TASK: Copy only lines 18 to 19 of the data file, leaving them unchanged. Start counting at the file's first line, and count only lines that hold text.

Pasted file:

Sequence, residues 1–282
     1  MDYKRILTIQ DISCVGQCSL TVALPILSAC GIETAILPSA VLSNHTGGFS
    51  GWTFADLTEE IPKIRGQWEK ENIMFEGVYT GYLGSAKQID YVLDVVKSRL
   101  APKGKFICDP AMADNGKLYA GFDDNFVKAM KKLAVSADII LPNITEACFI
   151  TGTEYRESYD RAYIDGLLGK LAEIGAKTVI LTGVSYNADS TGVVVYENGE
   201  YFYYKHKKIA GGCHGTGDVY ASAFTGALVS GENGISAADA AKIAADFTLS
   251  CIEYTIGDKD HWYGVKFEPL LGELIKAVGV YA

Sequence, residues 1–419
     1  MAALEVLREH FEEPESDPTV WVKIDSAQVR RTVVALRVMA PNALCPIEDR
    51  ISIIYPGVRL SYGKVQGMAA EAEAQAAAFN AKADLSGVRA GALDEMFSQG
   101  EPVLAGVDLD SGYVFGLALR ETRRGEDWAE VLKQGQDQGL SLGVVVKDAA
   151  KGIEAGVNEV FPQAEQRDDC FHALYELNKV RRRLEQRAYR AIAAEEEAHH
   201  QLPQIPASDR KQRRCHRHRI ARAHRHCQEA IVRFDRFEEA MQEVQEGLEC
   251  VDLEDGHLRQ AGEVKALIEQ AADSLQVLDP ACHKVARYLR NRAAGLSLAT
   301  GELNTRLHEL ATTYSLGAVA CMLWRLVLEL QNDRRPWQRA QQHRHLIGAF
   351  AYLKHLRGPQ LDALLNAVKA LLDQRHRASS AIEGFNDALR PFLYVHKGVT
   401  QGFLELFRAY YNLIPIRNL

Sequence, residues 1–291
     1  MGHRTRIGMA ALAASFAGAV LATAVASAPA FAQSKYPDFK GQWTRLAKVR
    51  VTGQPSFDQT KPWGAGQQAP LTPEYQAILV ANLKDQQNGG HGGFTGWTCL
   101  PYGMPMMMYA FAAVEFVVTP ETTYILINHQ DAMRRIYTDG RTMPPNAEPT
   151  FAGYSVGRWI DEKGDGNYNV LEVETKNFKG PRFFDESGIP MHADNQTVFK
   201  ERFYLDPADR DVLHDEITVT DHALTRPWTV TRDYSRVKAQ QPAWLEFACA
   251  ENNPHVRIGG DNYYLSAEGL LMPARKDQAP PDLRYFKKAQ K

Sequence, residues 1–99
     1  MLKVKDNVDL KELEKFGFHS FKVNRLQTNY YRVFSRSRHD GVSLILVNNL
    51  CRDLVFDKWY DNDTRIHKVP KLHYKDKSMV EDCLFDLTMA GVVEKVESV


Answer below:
Sequence, residues 1–291
     1  MGHRTRIGMA ALAASFAGAV LATAVASAPA FAQSKYPDFK GQWTRLAKVR